Sheep producers have been urged to take action to ensure good nutrition and husbandry plans are in place to support their flock over summer and optimise production potential in 2019.
Department of Primary Industries and Regional Development veterinary officer Danny Roberts said weaners, as well as rams and ewes destined for joining, required particular attention.
Dr Roberts said it was essential to develop a long term feed budget to provide weaners with adequate nutrition before they started losing weight.
“All Merino weaned lambs, from the lightest to the heaviest, need to achieve a growth rate of 1.5 kilograms per month, from the first day of summer to early winter next season, to ensure good survival rates,” he said.
“Weaners will need a supplement, like lupin seed, so they can gain the essential minimum 50 grams per head per day, by consuming seven megajoules per kilogram of dry matter with 12 per cent protein per day.”
Weaners also require good animal husbandry, including drenching, vaccinations, selenium and minimising the risk of flystrike.
Careful ewe and ram management in preparation for joining is also recommended to optimise pregnancy rates and reap production rewards.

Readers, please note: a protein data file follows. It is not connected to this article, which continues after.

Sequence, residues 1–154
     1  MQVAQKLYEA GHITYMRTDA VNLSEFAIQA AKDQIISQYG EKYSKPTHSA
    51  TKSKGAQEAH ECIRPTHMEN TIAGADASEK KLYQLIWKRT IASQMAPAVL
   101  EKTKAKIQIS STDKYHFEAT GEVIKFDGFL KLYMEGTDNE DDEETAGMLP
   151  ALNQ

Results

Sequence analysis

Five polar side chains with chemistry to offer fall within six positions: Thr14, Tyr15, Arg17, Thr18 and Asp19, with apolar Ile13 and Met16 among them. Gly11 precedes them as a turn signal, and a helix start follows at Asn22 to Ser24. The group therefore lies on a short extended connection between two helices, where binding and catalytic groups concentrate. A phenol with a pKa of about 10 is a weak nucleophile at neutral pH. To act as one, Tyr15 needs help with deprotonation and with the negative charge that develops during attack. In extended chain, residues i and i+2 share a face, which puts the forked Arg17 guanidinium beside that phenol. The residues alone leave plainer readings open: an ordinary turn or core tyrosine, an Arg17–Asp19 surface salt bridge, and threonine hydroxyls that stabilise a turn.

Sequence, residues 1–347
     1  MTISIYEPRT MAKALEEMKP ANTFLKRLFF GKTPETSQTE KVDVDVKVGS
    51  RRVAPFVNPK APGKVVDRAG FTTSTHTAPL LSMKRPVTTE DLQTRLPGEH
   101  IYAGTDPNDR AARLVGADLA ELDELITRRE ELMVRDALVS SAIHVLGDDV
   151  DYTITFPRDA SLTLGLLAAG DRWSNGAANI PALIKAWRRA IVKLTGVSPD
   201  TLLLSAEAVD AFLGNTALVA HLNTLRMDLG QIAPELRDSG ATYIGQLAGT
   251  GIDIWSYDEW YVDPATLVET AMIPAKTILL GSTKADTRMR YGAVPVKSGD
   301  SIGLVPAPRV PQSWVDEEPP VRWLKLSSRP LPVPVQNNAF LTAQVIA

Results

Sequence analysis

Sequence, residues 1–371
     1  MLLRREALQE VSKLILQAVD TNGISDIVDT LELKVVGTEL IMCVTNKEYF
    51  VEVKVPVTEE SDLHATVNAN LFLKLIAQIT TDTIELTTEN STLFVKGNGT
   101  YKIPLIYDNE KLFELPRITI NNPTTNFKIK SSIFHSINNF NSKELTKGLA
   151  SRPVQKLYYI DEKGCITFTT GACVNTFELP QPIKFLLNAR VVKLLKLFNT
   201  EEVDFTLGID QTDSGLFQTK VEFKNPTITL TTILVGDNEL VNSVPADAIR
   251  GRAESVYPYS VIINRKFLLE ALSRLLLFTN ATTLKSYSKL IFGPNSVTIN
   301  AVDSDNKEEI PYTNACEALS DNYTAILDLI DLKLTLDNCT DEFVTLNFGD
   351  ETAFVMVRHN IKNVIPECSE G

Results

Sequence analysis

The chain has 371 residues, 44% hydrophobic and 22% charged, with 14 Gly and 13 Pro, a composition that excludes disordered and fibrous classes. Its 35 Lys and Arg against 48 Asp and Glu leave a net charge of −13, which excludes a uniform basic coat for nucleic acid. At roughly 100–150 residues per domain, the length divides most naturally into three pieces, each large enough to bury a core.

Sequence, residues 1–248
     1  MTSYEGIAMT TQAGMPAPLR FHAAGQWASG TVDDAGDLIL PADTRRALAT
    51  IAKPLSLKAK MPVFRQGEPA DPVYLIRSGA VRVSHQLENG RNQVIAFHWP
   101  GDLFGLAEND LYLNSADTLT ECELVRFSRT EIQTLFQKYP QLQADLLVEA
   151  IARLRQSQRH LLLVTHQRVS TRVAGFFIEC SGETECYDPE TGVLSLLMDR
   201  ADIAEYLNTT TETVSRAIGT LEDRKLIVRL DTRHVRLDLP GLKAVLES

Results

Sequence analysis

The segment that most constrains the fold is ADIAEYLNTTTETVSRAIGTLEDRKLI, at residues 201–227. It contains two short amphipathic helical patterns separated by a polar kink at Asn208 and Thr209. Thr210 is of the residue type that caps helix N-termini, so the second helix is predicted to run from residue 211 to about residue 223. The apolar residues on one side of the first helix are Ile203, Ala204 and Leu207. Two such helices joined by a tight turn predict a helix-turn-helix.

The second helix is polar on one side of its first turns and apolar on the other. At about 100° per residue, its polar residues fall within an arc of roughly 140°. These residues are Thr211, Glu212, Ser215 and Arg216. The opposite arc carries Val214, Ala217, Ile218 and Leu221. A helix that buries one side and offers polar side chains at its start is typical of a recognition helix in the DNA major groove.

It is important to ensure both ewes and rams are in optimal health, with good nutrition in place for at least 12 weeks prior to joining.
Dr Roberts said it was more cost effective and efficient to feed early and less, rather than leave it too late and feed more, to maintain condition score in the lead up to joining.
“Rams need to be condition score 3.5 at the start of joining, before rapid weight loss occurs during joining, which will require 500 grams of lupins per day, eight weeks prior to the start to joining, to ensure they are ready to go.
“Feedback from pregnancy scanners over the past three years has shown 15 per cent of ewes in the southern agricultural region failed to conceive, most likely due to poor nutrition and condition over the joining period.
“Ewes should be at least condition score 3 for joining and it’s important to ensure their nutrition needs are met so they don’t lose condition over joining.
“To achieve high pregnancy rates in maiden ewes, they need to be at least 80 per cent the live weight of a mature ewe at the start of joining.”
Dr Roberts suggested producers consider not mating ewes that were currently condition score 2 or less, to minimise metabolic complications in late pregnancy.
More information on how to optimise marking and joining rates is available on the department’s Season 2018 webpage.
Jodie Thomson/Megan Broad, media liaison
+61 (0)8 9368 3937